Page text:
scRNA-seq is a relatively new technology first introduced by Tang et al. in 2009, but the cost of sequencing and limited number of protocols at the time meant that it did not get widespread popularity until 2014.
scRNAseq differs from “traditional” bulk RNAseq. In bulk RNAseq, we measure the average expression of genes from multiple cells. This allows us to examine gene expression profiles between various conditions/treatments/timepoints etc, but is limiting when attempting to understand gene expression patterns within the cell. scRNA allows us to understand cellular differences in expression, and hence it is directly applicable to the studies of cell heterogeneity, cell population and subpopulation identification, effects of low copy mRNA distribution and transcriptional regulation. Perhaps more importantly, scRNAseq allows us to examine what would otherwise be considered as “noise”, in other words, the stochasticity of gene expression at the cellular level.
Below is a general overview of scRNA-seq
There are still challenges that are associated with RNAseq analysis, such as experimental design, normalization as well as technical bias to name a few. In scRNA, some of these challenges are more prominent, for example dealing with low amounts of initial input leading to amplification biases, transcriptional “dropout” events as well as transcriptional “bursting” or “pulsing”.
Luckily, and since scRNAseq has gained popularity from ~2014 onwards, there are now multiple tools and published guidelines relating to the analysis of scRNA data. There are also multiple platforms and protocols available to choose from, according to the experimental design and biological questions being asked.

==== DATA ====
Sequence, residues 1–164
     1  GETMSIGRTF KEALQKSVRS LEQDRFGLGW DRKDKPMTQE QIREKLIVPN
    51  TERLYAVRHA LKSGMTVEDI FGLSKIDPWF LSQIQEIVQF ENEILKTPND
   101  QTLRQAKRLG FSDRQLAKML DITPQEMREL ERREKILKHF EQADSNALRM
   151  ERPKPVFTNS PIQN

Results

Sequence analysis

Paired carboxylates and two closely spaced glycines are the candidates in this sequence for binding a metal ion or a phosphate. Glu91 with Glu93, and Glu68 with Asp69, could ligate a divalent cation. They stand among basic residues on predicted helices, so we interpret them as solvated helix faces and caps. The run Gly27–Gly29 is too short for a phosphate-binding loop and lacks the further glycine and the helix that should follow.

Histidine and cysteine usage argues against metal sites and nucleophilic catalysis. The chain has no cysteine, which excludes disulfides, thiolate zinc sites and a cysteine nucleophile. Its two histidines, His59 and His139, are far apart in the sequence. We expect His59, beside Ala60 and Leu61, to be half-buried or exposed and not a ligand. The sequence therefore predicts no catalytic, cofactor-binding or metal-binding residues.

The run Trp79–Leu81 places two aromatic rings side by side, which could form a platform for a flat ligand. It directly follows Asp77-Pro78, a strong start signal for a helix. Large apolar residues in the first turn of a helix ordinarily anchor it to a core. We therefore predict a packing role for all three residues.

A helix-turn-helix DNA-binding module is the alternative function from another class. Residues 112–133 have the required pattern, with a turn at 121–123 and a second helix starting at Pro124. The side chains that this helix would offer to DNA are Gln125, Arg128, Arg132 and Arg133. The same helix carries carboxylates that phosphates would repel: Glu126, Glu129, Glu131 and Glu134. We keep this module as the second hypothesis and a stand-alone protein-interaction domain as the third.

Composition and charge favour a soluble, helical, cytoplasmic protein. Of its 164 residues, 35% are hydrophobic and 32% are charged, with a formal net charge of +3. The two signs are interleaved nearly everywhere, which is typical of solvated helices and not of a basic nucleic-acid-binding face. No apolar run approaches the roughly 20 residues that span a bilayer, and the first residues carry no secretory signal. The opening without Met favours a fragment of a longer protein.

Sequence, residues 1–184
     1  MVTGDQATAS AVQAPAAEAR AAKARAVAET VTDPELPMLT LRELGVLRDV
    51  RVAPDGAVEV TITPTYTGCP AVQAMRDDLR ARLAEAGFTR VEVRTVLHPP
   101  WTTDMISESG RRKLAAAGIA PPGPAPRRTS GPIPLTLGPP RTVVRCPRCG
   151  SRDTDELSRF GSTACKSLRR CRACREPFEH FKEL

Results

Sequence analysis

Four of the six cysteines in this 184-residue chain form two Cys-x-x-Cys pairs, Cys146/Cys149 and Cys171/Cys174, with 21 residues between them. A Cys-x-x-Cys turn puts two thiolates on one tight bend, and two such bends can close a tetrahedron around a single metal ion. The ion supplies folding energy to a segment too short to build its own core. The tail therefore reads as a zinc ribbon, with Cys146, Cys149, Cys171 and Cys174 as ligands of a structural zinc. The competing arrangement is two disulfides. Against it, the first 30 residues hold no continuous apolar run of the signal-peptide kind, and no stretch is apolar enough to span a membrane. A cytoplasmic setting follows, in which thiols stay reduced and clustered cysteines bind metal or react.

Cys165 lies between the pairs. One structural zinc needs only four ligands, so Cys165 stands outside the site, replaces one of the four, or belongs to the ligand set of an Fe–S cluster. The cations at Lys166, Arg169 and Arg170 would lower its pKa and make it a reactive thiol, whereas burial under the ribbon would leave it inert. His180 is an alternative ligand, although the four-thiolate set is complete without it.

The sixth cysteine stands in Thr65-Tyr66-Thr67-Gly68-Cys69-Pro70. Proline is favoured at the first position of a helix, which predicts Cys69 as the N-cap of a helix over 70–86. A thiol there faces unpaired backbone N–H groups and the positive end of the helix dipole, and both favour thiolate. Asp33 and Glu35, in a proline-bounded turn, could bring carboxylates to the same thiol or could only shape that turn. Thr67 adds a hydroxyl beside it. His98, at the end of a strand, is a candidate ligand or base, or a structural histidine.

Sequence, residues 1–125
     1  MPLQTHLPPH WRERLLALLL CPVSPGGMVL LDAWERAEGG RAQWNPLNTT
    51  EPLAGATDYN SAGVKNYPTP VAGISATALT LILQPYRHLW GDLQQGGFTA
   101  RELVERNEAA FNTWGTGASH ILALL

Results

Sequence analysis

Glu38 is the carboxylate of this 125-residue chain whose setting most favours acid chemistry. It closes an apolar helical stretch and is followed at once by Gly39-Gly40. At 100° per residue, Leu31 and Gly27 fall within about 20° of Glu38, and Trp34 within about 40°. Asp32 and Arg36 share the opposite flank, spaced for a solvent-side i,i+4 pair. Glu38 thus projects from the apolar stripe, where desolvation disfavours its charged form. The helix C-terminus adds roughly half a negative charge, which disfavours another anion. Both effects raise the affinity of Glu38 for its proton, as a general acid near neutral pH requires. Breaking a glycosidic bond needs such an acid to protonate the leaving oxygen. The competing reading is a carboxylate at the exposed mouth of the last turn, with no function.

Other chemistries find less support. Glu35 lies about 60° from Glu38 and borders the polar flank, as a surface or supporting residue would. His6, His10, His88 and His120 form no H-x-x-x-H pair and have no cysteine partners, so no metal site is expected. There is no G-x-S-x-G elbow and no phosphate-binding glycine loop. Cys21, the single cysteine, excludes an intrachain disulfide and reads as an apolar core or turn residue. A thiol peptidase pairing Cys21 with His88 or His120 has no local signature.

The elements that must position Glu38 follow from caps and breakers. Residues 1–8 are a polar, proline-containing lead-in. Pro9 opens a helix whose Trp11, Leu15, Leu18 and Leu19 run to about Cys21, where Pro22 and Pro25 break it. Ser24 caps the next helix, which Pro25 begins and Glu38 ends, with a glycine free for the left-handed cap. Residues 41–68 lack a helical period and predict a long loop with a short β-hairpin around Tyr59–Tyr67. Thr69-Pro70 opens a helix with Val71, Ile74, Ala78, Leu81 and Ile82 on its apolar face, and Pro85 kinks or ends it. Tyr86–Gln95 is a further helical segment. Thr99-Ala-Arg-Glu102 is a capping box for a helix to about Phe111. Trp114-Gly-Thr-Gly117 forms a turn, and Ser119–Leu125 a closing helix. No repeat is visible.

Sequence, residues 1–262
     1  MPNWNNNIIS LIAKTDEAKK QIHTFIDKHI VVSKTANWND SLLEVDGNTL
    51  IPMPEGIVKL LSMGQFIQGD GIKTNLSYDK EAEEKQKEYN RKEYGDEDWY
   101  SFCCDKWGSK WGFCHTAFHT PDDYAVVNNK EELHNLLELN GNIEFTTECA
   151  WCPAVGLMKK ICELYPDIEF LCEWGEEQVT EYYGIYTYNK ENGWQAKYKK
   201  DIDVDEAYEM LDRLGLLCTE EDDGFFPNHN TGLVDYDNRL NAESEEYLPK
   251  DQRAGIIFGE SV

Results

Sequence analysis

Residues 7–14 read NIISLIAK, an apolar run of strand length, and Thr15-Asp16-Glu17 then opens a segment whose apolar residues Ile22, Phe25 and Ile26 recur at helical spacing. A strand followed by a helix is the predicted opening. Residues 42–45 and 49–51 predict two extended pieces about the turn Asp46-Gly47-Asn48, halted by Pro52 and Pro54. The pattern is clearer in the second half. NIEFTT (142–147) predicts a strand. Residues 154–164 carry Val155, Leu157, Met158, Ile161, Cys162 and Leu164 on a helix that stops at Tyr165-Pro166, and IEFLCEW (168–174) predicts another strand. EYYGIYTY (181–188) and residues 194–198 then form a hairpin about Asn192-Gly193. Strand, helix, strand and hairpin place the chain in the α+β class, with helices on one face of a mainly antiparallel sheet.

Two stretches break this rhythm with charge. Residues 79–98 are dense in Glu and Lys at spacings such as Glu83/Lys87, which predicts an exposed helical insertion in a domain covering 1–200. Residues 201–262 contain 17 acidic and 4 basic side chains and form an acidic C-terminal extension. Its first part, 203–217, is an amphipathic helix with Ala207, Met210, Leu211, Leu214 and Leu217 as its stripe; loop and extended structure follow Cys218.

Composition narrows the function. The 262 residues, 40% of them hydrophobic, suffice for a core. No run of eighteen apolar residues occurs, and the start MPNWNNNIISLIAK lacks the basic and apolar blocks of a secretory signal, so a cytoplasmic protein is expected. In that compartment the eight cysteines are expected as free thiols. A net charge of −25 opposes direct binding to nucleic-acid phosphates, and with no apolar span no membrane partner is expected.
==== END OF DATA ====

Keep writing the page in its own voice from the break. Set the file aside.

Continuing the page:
In this exercise, we will examine one popular tool tailored for scRNAseq analysis called Seurat. We will focus on the Seurat guided tutorial using 2,700 PBMC cells (publicly available from 10X genomics).The tutorial is available in full HERE.
Seurat is an R package designed for QC, analysis, and exploration of single cell RNA-seq data. Seurat aims to enable users to identify and interpret sources of heterogeneity from single cell transcriptomic measurements, and to integrate diverse types of single cell data (http://satijalab.org/seurat/).
We will also show how you could import your own gene expression matrix in Seurat and create a “seurat” object with it, since this seems to be a popular howto for R and scRNA beginners.
For an online R shiny app instance of Seurat (and other RNAseq analysis tools), have a look at our TSAR (Transcriptome Sequencing Analysis Resource) instance.